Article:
Preteaching some skills using support math is a highly valuable practice I will try to use more this year.



Tuesday, August 30, 2016

Support Math Day 5: Circle Talk Day 2 and More Number Talks

Today we started class with our second circle talk.  We did a quick check-in round to see how everyone was doing.  To no surprise, it was mostly 1 word answers by everyone.  We will have to come up with something to work on that.

Then we played about 4 rounds of Would You Rather.  I found this excellent set of would you rather questions online.  It is from the Measured Mom blog.  It is aimed at younger kids, but by selecting the right questions and aging up some others, it will be a great resource.  The kids had a great time and they got homework.  They were each asked to create a "would you rather" question for circle time tomorrow.  Hopefully the questions are appropriate and lead to some good answers.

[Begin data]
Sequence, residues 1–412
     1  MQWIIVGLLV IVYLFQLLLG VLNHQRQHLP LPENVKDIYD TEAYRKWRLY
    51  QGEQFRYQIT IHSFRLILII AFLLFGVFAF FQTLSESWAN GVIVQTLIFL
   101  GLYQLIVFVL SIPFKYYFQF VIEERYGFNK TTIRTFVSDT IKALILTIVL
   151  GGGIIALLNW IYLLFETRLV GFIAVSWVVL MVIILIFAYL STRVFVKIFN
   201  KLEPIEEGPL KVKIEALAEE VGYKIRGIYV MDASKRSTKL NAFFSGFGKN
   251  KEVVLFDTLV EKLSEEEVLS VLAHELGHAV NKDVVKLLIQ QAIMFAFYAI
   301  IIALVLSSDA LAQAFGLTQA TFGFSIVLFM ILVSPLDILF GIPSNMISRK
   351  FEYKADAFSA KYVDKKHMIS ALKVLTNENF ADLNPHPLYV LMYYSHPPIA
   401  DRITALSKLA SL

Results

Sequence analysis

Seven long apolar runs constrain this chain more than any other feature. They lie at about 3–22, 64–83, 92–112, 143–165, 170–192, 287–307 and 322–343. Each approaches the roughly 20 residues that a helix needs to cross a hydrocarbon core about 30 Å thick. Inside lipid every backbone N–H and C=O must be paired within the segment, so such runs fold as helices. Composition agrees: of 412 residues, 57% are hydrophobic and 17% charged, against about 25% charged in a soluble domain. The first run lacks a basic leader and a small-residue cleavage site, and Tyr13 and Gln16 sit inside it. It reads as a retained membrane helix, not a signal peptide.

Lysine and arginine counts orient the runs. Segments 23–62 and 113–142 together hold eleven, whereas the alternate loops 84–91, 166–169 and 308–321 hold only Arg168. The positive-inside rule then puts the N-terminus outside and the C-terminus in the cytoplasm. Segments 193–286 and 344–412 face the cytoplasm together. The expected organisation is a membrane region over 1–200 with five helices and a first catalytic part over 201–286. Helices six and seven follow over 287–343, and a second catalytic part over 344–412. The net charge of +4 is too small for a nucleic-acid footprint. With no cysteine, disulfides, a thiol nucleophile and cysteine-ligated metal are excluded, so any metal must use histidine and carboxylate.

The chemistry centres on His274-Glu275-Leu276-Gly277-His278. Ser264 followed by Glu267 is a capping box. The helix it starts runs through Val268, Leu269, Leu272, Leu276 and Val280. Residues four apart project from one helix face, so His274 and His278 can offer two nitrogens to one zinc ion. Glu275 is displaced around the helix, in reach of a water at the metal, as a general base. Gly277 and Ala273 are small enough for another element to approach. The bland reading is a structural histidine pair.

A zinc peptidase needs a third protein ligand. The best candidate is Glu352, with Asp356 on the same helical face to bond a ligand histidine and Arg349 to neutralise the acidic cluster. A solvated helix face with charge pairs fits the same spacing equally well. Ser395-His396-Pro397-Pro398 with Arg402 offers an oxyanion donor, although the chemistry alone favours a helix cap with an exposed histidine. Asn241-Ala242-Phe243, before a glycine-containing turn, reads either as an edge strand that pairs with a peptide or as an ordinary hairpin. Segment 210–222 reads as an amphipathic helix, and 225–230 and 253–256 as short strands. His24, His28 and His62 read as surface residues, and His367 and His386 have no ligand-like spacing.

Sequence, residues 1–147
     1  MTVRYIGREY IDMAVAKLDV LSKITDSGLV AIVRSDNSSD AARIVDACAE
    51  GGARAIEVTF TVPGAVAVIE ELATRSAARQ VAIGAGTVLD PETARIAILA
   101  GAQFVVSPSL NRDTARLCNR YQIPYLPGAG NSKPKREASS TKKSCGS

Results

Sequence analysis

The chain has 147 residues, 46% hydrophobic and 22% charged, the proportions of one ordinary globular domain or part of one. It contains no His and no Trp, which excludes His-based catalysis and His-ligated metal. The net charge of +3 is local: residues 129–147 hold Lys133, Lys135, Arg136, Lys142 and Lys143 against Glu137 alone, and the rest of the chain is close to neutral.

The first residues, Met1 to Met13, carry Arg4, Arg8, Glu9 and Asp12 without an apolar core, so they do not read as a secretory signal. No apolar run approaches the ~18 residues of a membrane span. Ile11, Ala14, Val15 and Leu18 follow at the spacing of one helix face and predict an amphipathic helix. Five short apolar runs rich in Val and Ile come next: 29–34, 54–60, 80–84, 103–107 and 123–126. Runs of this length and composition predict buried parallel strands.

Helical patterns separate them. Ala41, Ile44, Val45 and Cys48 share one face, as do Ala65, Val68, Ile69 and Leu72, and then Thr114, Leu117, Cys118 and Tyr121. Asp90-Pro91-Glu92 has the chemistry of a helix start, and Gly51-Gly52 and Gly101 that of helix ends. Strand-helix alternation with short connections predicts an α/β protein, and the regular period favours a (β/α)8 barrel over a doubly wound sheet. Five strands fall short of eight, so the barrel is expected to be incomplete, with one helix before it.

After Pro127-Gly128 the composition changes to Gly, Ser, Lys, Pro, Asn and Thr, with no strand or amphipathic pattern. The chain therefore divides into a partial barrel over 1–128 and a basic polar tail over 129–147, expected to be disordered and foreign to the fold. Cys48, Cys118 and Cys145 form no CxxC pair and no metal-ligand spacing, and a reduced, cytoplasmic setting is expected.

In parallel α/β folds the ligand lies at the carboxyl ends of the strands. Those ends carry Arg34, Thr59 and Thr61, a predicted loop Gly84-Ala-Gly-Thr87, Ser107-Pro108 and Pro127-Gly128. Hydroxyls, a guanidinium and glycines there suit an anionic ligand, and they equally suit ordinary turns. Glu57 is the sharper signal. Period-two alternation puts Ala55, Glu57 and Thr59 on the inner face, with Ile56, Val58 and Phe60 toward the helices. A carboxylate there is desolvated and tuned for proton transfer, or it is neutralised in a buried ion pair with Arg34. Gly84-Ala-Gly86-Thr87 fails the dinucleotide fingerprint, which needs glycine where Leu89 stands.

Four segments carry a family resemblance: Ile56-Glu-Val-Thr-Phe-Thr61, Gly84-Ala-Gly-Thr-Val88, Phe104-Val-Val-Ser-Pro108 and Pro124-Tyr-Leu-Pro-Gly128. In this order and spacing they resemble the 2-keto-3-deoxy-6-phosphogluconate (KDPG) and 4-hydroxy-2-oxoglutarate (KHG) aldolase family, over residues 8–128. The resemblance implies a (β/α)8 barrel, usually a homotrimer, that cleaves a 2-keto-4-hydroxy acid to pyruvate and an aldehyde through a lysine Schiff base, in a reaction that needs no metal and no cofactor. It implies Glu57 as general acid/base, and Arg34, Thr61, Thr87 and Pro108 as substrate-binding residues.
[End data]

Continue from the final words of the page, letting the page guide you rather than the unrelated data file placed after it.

Circle today created some fun moments with the kids and I can already start to see the sense of community starting to build among these students.  It might all be based on the fact that they are "getting out of doing normal math" but I will take that for right now.

The number talk we did today was a step up in difficulty from yesterday.  We took 20-25 minutes breaking it down.  Most students really dug into it and wouldn't give up.  We eventually arrived at a nice formula for triangular numbers.  Are they going to remember that, probably not.  Right now though it is about not giving up and sticking with hard problems.

In 8th grade math today, we tackled some tough patterns to talk about linear patterns.  The students in TIP math did really well.  I hope that the foundation for that was partly laid down in TIP math by working with difficult patterns the last couple days of class.